Homeless City Hall

Ramenta Cottrell, the director of the city’s Division of Housing and Human Services, right, talks with several of the participants in Friday’s homelessness protest.

The latest chapter in a disagreement between the city of Frederick and advocates for people experiencing homelessness played out relatively quietly Friday afternoon on the lawn of City Hall.

A group of people angry about the removal of a homeless encampment near Highland Street last week sat on the lawn Friday, made signs and pressed the city to take a more aggressive role in providing services for the homeless.

Several people had pitched tents in the area last weekend, and organizers suggested they would again if the city didn’t develop a more robust system for housing those who need it.

There are a lot of people who aren’t happy with the service they’ve received at the shelter the city uses, and they want a more detailed plan for long-term housing for those experiencing homelessness, said Kristen Lundy of the social justice advocacy group Frederick United.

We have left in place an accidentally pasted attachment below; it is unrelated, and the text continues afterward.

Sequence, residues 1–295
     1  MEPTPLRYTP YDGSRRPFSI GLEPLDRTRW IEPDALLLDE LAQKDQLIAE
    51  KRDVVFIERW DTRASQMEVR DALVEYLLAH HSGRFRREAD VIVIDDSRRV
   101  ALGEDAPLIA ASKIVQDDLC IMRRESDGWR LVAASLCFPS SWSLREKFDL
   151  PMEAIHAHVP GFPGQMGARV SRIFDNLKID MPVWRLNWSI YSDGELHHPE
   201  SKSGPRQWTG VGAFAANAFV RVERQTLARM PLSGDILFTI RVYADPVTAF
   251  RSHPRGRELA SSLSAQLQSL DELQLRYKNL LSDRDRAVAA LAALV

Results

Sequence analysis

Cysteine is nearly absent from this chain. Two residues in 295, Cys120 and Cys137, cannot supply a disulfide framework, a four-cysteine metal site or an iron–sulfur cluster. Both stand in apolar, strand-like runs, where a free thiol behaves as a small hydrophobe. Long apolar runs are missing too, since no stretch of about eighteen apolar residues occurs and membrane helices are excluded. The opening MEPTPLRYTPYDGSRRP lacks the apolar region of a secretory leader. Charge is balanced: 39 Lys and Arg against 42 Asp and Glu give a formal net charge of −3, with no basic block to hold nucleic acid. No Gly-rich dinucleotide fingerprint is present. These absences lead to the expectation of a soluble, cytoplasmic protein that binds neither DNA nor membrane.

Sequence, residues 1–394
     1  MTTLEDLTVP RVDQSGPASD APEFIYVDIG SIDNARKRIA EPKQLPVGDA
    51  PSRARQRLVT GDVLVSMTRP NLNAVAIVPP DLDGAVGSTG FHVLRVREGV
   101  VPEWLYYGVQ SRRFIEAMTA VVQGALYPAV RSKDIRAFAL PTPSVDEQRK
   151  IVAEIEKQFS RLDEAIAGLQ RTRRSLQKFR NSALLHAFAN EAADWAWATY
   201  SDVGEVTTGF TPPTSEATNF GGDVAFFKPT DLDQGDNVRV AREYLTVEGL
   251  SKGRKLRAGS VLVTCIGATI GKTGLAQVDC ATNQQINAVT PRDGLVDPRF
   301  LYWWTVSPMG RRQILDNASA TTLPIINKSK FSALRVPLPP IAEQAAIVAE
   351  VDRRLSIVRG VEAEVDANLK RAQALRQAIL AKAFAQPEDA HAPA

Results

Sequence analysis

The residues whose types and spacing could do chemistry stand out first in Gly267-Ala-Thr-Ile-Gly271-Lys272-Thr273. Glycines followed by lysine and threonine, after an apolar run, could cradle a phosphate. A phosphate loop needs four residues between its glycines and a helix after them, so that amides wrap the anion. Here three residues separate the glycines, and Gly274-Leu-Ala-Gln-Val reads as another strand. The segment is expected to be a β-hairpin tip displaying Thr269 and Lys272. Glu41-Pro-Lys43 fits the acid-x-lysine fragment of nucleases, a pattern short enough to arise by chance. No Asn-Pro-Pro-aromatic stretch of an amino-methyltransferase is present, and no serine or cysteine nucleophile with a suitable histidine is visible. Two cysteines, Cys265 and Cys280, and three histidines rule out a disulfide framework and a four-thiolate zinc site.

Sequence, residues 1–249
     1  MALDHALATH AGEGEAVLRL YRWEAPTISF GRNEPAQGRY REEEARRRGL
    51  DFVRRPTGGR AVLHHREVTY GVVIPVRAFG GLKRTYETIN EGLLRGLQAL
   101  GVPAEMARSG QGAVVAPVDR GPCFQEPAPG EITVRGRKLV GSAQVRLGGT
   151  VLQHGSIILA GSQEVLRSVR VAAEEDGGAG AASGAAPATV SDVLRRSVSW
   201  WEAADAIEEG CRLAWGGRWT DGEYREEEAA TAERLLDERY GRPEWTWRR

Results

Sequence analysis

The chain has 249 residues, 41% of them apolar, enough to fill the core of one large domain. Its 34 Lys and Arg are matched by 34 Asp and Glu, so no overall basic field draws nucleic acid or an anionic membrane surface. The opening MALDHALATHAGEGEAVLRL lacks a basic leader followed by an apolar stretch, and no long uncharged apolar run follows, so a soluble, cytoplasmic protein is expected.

Ramenta Cottrell, the director of the city’s Division of Housing and Human Services, talked with several of the participants Friday and said the city was trying to work with its partners to identify any gaps in services.

“Being able to hear what they’re saying is important,” she said, adding the city would follow up with a response.

Cottrell added, " ... the City of Frederick is focusing on finding adequate solutions and continuing to offer our services, including helping to house them and other immediate needs such as getting them food.

The city was able to temporarily house some of the people who spent the night on the lawn last Saturday night into Sunday. Officials have also been able to find spots for the majority of people who have needed placement over the past year, she said.

The city and its partners house between 100 and 120 people per night at any given time, said Nick Brown, executive director for the Religious Coalition for Emergency Human Needs, one of the city’s main partners in its efforts to fight homelessness.

But there is definitely a pocket of people — probably fewer than 20, Cottrell said — who are much harder to find shelter for because of various circumstances.